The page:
The Down Syndrome Association of Singapore revealed yesterday that it plans to do more to give children with the condition the help they need from an earlier age.
In November, it will launch a programme which will involve bringing in overseas specialists. While exact details are still being firmed up, these experts would teach parents how to care for infants and toddlers of up to 36 months old.
The association believes that early intervention can help children with the syndrome progress further in life.
It is also planning to start an independent living centre next year to equip young adults with Down syndrome with the skills necessary to care for themselves.
Trainers will teach them how to cook, organise and manage their personal space, and maintain personal safety, among other things.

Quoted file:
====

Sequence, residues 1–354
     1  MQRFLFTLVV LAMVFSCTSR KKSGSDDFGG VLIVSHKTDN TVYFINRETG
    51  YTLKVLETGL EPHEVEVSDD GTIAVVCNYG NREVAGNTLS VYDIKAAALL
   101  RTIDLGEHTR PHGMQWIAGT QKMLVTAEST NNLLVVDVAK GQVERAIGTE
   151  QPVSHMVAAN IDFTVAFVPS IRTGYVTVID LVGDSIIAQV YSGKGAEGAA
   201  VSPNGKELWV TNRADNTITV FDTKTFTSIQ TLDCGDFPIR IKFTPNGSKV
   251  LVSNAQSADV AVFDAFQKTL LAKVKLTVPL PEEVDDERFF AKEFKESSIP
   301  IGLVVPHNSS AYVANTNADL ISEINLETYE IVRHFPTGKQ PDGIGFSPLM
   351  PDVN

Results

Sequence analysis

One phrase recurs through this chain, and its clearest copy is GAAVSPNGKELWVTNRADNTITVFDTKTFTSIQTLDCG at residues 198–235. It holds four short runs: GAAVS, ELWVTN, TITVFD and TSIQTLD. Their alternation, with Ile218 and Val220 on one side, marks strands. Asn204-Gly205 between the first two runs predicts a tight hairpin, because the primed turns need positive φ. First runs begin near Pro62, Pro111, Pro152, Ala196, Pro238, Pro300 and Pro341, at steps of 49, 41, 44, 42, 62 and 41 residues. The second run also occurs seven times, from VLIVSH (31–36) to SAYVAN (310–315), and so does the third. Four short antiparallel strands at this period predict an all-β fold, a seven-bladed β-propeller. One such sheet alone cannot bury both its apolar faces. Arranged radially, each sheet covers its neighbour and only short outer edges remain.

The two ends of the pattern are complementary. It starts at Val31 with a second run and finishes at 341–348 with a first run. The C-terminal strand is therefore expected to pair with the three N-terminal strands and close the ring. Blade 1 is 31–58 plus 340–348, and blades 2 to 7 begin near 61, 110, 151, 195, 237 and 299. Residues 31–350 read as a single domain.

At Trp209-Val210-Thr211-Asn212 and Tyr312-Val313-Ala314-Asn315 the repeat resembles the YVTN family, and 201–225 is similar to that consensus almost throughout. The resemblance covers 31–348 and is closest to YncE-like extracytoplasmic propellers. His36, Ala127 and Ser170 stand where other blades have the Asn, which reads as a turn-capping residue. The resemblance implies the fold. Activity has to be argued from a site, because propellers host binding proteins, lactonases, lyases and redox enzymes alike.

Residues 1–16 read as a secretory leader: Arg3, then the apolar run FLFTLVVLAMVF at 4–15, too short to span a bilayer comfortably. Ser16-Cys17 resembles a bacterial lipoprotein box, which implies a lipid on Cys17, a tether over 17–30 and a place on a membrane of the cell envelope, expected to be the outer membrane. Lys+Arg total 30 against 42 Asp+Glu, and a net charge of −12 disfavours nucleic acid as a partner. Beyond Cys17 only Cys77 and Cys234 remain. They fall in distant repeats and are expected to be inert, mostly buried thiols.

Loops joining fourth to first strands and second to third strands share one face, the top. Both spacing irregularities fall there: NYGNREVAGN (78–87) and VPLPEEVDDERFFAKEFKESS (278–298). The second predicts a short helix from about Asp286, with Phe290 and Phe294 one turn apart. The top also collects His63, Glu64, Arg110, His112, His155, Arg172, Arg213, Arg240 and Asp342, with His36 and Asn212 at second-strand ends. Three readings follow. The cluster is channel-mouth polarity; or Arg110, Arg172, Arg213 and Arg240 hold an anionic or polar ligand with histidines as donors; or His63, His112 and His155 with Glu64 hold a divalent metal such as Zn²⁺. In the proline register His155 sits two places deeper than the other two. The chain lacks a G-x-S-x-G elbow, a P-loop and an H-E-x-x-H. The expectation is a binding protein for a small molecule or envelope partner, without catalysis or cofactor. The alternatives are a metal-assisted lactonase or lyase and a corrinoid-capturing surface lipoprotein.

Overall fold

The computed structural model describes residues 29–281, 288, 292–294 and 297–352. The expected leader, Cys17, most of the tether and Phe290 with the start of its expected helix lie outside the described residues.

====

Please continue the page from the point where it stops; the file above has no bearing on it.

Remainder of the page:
These plans were spelt out by Mr Moses Lee, executive director of the Down Syndrome Association, at the association's charity gala dinner last night. He highlighted how the number of members has grown from 500 in 2011, to more than 700 active members today. He said they motivate the board and the staff to build "a legacy that embraces diversity and inclusiveness in our society".
Worldwide, the condition affects one in every 700 babies. In 2011, it was estimated that 30 babies with the chromosomal abnormality are born here each year.
This article was first published on Sept 13, 2015.
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